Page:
Tuesday 16 September, Photofusion – Brixton

Jess Morris reports from the event and from her perspective as one of the audience.

As well as being a well-respected name in the photography world, Miranda Gavin, who is editor-at-large for Hotshoe, editor of Frame & Reference and The Roaming Eye, also has personal experience of being on the judging panel of photographic competitions.

This makes her an invaluable asset to the circle of freelance up-and-coming photographers trying their hand at entering the unknown, and often unfair, world of competitions. Brixton’s Photofusion invited her along to share her knowledge and advice with its members.

Miranda opened the talk with a quiz to spark audience participation, not to mention wake everyone up after a long day in the rat race. We split into small groups and chose one person to take note of our answers. Listed here are the questions she asked us, along with a selection of answers from around the room:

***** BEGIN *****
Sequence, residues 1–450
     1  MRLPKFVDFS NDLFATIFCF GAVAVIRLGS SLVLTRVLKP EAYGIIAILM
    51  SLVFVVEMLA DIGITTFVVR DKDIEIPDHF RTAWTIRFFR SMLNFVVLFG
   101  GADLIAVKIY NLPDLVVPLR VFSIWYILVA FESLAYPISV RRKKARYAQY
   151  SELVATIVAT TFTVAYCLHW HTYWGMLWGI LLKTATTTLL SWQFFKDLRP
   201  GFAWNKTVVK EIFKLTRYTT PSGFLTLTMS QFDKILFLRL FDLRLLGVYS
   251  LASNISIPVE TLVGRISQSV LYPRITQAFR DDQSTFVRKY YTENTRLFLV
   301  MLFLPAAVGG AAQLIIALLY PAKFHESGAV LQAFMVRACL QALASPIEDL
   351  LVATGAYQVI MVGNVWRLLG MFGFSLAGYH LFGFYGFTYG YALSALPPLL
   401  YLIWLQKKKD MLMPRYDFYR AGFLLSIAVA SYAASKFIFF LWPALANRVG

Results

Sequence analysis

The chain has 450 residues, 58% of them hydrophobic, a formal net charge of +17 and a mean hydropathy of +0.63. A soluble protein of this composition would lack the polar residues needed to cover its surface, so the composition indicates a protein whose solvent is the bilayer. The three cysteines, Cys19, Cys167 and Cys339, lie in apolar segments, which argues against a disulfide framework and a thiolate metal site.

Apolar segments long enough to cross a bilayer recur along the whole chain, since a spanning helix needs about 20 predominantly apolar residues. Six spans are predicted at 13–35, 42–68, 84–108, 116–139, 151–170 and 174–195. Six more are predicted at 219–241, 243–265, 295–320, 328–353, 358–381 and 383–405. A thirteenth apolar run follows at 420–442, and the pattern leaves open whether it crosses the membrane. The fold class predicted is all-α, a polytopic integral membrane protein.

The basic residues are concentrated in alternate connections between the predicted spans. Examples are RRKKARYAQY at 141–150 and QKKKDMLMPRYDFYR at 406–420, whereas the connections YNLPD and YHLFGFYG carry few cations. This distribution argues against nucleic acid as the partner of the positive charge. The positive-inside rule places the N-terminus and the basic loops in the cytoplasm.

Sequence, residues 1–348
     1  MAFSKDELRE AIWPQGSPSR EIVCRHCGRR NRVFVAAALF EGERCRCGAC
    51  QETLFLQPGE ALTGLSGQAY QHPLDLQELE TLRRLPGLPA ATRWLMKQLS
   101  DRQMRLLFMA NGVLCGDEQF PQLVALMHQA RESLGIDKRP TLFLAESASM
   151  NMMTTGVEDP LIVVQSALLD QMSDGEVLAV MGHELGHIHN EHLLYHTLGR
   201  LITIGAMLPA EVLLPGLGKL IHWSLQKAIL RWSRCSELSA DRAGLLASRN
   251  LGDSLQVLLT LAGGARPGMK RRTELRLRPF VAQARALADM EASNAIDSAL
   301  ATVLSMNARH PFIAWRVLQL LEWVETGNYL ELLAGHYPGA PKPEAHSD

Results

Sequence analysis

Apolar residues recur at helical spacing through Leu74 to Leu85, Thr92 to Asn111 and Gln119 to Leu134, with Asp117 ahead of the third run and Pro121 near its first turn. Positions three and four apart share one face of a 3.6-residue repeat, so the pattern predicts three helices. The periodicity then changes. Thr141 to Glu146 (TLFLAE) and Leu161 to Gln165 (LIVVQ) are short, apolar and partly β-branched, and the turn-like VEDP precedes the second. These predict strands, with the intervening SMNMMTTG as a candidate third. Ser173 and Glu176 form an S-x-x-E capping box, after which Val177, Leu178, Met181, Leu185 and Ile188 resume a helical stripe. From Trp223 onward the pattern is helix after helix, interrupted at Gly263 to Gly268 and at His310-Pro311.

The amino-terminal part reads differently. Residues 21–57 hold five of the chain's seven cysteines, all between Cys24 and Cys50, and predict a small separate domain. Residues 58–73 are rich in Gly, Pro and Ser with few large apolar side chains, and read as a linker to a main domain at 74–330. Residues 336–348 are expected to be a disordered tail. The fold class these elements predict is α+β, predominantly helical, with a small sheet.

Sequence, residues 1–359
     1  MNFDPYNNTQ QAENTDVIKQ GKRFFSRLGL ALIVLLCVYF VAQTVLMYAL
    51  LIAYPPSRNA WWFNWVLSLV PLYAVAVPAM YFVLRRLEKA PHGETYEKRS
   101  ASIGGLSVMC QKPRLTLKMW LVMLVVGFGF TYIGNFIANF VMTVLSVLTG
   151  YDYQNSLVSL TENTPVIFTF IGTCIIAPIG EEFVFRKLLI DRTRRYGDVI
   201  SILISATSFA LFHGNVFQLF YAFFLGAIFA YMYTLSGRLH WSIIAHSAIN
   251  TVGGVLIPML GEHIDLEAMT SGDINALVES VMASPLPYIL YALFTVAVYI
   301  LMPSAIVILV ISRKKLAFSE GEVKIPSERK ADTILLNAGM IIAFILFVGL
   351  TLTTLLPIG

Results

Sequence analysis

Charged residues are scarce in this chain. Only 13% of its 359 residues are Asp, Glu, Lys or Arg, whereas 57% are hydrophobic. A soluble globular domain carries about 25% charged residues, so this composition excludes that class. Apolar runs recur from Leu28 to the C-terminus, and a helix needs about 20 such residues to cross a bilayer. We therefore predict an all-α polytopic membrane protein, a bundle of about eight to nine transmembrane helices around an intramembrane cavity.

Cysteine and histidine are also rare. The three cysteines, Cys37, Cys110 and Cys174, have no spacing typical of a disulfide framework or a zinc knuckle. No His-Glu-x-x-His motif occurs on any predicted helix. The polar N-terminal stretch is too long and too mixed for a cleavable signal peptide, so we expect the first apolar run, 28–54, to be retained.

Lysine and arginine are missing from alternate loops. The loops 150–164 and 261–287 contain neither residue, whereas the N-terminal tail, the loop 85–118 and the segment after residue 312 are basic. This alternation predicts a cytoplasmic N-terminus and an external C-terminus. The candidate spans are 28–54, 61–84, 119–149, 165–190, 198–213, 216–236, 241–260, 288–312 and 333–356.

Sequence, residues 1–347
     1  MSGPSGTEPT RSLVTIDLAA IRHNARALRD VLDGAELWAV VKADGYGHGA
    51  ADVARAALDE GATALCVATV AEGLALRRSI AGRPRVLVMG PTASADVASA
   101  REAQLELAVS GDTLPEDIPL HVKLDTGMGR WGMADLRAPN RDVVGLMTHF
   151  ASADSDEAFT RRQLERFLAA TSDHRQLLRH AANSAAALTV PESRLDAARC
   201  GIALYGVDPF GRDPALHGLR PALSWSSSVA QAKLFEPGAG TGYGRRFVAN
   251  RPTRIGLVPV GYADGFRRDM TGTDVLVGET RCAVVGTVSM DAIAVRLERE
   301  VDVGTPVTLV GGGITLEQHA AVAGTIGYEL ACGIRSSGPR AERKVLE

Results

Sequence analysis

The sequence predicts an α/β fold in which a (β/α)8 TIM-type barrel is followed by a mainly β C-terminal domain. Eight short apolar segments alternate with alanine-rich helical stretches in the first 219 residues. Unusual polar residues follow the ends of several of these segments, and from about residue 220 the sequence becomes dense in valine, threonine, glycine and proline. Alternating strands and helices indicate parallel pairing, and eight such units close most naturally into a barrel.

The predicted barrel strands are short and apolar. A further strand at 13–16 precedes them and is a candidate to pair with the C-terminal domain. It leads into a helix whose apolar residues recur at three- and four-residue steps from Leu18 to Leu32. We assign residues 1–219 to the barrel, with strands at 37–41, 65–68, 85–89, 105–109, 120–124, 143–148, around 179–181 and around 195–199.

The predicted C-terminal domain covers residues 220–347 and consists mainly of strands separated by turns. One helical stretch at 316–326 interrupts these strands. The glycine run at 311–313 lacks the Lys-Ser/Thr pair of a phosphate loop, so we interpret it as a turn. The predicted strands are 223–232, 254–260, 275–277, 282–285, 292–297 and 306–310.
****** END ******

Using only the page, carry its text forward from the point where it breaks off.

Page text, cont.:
Why bother entering competitions?
E x p o s u r e
To raise your profile/Publicity/Elevation/cutting corners
Gives you a project/Target/Challenge/Makes you finish it
Contacts/Gain experience/Feedback
Tutoring
M o n e y £££££!

How do you find out about them?
Online/Mailing Lists/Repeat notifications from previous competitions
Word of mouth/Networking/University Alumni
Advertisements/Posters/Flyers/TV

Name the ones you have heard of/entered (in order of popularity):
Taylor Wessing Photographic Portrait Prize
British Journal of Photography photo prizes
Photofusion’s AMPS annual photo prize
Terry O’Neill Photographic prize
Prix Pictet
Portrait Salon
Nikon competitions
World Press Photo
Wildlife Photographer of the Year
Sony World Photography Award
Landscape Photographer of the Year
Association of Photographers prizes
TRIBE

As well as listing some of the reasons for entering photography competitions, Miranda also urged us to note down the negative aspects and the flaws. The general consensus was as follows: